Unfortunately some of our Non-Theist friends are unable to break free of their high school dictionary when interpreting reality “out there” because through all of it they return to the inane lens of something akin to “high school dictionary full stop”. But Christendom’s wide array of longstanding trajectories houses the wherewithal to speak towards its own metaphysical topography.

The aforementioned eight/8 examples are given in the following 8 items and note that these are from a dialogue in a comment section and so the comments will reflect that syntax for the context they were in.

1 of 8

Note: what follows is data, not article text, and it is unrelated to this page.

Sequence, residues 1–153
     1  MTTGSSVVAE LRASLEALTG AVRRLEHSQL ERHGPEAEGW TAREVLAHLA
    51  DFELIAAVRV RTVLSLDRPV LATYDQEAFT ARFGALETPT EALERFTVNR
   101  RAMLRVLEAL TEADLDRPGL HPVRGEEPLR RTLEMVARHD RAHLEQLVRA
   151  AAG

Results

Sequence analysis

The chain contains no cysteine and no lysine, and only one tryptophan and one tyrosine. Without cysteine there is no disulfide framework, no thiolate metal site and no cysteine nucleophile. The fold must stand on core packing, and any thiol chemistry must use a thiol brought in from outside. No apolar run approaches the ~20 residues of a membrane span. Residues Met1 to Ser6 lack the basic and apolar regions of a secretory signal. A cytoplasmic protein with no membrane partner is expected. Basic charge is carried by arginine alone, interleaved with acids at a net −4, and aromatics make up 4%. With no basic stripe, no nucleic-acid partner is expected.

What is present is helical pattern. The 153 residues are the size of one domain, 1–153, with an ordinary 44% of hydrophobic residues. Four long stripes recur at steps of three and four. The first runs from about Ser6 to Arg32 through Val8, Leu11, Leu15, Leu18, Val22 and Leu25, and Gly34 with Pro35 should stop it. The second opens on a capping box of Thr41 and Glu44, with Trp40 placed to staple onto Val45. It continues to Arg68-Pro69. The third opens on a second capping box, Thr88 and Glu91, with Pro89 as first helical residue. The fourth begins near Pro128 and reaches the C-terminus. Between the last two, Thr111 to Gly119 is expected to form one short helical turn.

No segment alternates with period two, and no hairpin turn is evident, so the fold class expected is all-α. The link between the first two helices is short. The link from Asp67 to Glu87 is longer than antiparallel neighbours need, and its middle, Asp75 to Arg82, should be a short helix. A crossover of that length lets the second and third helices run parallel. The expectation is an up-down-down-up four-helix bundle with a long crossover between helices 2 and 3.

Trusting in the promises of someone that haven’t yet come to pass, or trusting in something we can’t yet see is not the same as being confident something is true even though you have no reason to think it is. In the illustrations given in that chapter of Hebrews, God made Himself known to people, and then they trusted what He said, even though the fulfillment of His promises were sometimes after their deaths (i.e., they couldn’t see the fulfillment). But they wouldn’t have trusted Him if He had not first made Himself known to them. This is why the Old Testament says a great many times that God did such-and-such so that the nations would know He is God. In other words, we trust (have faith in God—His promises for our future and His character) because of the reasons we have to trust Him. In the same way, you have faith in your wife to uphold her promises of marriage to you. You have confidence in what you hope for (i.e., that she will fulfill her promises) because you know her—you have reason to trust her and her promises. You can’t yet see the future of what she will do, yet you have faith (trust) in her. The fact that you have faith in her does not prove you have no previous evidence to trust her. In fact, it says the opposite. It’s because you have reasons to trust her that you have faith in her and her promises.